English Pronunciation is Crazy

I’ve heard it from my students a million times. English pronunciation is crazy. English pronunciation makes no sense. English pronunciation is too random. And to those students, I say “You’re absolutely right”. There is virtually no consistency in how to pronounce a word. It takes a while to realise that the past tense of ‘read’ is not ‘read’, but ‘read’. 😜 That is, the present of ‘read’ is pronounced ‘reed’, while the past is pronounced ‘red’, even though they are both spelled exactly the same. Fun, huh? You gotta love it. Well, you don’t have to love it, but you have to learn it. Here are a few examples of English pronunciatin madness:

  1. The bandage was wound around the wound
  2. The farms produce produce
  3. The city dump had to refuse the refuse
  4. We need to polish the Polish furniture
  5. He could lead if he got the lead out
  6. The soldier decided to desert his dessert in the desert
  7. She wanted to present the present
  8. A bass was painted on the bass drum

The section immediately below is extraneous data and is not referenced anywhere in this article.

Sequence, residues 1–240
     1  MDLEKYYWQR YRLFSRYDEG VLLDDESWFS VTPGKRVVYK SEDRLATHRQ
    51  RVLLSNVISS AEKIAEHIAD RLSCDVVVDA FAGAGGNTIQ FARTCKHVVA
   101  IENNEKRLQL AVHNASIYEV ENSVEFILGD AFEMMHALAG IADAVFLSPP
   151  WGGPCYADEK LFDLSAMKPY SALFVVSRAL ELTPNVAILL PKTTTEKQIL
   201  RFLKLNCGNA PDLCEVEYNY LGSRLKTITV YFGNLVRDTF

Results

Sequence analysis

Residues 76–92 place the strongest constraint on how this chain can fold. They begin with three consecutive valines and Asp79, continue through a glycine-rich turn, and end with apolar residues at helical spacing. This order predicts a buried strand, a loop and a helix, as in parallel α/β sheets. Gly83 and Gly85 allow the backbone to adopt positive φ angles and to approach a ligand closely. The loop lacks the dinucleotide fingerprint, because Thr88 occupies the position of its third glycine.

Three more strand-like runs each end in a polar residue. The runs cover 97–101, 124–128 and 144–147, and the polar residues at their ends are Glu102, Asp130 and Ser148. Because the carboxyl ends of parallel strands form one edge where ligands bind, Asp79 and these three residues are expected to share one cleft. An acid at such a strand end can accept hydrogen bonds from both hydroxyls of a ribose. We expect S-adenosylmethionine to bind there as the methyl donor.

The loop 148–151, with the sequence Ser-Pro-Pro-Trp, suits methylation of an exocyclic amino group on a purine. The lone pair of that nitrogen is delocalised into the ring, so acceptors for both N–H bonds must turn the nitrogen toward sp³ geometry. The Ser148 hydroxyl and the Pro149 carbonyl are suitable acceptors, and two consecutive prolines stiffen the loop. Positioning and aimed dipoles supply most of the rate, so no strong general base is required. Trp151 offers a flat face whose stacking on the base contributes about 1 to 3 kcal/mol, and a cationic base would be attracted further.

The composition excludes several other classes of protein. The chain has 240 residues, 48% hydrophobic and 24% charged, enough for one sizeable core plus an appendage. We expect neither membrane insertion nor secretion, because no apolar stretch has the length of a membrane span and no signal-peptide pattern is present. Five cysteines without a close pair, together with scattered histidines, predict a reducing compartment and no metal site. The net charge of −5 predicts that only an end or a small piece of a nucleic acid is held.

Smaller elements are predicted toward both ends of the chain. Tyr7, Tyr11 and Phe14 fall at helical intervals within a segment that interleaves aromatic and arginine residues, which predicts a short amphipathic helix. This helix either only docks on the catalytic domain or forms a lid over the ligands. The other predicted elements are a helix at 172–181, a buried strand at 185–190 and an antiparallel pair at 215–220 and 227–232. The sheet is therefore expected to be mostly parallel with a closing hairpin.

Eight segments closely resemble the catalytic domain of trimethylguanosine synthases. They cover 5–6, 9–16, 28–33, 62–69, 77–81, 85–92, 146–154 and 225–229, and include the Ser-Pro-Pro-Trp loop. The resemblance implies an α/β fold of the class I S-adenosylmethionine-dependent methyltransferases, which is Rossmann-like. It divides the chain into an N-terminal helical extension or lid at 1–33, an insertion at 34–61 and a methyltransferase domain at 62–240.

9. The dove dove away from the eagle and escaped
  10. She does not object to the object
  11. The invalid found that his insurance policy was invalid
  12. They were too close to close the door

How can you tell the pronunciation? The key to most of these is the part of speech, particularly if the word is a noun, verb, or adjective. You will find that when a word has 2 different meanings and pronunciations, they will depend on if the word is being used as a noun, verb, or adjective. In the future, I hope to write a follow up article about the rules for switching pronunciation.

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